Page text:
So, you might get a token for taking a ride-hailing service instead of a personal vehicle, or if you buy locally-produced seafood rather than importing it from South Asia, where it incurs lots of air miles. Consumers are rewarded with the tokens at the time of purchase, which they store in a digital wallet and can then use to buy other products and services. For example, if Home Depot offered you a token for buying a fuel-efficient lawnmower, you might be able to use that against another purchase from the store.

Now, all this might sound a little complicated and foreboding for the average consumer. But the people behind CarbonX, which is based in Canada, assure me the actual complex workings will be hidden from view. For consumers, the process will appear as a smooth user interface; the transactions between offset, token and end-products will be seamless, they say. Plus, blockchain technology will enable a loyalty scheme that’s more decentralized and less expensive to manage than today’s versions, they argue.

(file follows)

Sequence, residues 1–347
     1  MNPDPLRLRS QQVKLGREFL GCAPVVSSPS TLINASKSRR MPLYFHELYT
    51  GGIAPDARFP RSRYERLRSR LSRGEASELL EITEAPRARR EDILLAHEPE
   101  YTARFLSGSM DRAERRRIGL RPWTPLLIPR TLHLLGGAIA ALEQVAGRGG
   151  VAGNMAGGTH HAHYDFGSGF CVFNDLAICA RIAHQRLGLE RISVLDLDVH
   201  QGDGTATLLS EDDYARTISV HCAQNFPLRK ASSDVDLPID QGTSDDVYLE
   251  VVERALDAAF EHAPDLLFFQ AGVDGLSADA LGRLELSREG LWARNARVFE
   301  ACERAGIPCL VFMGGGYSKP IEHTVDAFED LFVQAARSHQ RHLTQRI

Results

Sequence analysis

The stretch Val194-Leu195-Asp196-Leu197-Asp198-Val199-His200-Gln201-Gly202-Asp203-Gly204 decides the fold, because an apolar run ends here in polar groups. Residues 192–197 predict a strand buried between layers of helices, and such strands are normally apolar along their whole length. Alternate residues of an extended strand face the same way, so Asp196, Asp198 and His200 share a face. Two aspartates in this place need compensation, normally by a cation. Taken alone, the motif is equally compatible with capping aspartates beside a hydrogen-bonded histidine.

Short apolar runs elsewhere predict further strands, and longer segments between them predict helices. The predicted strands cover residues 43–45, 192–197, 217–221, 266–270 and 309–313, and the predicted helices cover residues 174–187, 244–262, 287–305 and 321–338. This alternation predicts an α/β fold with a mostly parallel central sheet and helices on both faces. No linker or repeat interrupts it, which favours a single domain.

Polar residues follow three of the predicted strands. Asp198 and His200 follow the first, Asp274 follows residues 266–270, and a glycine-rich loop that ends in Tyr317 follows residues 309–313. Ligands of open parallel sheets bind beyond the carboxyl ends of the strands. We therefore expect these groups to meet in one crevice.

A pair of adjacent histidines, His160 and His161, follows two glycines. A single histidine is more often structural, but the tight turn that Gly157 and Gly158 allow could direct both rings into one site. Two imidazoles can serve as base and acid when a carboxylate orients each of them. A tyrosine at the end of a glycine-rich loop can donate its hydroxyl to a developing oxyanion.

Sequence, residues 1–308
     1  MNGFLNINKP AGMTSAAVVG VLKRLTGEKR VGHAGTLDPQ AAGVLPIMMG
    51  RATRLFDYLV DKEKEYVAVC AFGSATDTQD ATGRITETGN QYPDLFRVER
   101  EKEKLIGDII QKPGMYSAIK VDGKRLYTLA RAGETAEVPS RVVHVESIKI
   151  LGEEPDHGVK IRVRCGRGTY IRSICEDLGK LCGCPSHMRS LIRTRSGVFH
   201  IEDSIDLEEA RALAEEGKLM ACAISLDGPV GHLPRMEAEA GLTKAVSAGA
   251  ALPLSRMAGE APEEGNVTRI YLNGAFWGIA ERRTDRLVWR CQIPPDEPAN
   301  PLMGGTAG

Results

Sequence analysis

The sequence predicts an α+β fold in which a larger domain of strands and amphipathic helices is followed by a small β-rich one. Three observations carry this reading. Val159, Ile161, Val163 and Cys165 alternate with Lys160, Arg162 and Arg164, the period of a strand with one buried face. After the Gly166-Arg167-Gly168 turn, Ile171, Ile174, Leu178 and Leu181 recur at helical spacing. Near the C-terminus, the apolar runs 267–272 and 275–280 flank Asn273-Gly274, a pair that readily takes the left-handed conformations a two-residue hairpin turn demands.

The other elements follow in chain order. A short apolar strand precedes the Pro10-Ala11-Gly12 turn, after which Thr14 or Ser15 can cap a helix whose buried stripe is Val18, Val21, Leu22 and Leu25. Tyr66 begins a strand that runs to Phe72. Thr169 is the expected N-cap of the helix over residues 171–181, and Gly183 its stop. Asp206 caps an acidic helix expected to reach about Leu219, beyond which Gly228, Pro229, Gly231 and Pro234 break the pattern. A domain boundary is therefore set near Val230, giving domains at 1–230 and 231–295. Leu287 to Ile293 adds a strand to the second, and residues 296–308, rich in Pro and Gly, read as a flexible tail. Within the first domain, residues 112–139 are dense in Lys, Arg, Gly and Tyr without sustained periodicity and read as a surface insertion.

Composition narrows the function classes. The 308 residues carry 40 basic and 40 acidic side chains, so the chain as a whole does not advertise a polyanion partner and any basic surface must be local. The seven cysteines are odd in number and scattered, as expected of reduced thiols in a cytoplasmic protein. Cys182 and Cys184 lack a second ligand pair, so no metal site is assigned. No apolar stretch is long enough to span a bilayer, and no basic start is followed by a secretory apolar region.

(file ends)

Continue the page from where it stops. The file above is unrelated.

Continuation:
Blockchains are databases spread over multiple users. They were first developed as a way to track transactions of bitcoin currency but have since been adapted in many other industries, including financial services, supply chain management, music, and energy. They create permanent records of events–for instance, the transfer of bitcoin from one computer to another–and are considered incorruptible. No single person in a blockchain can amend a block (or record) without changing other blocks that refer back to it, and doing so requires the consensus of other machines making up the network. In other words, a blockchain is a consensus truth agreed among its participants. Blockchains are thought to be particularly conducive for loyalty schemes, where tracking transactions across multiple sites and multiple companies, is currently a cumbersome process.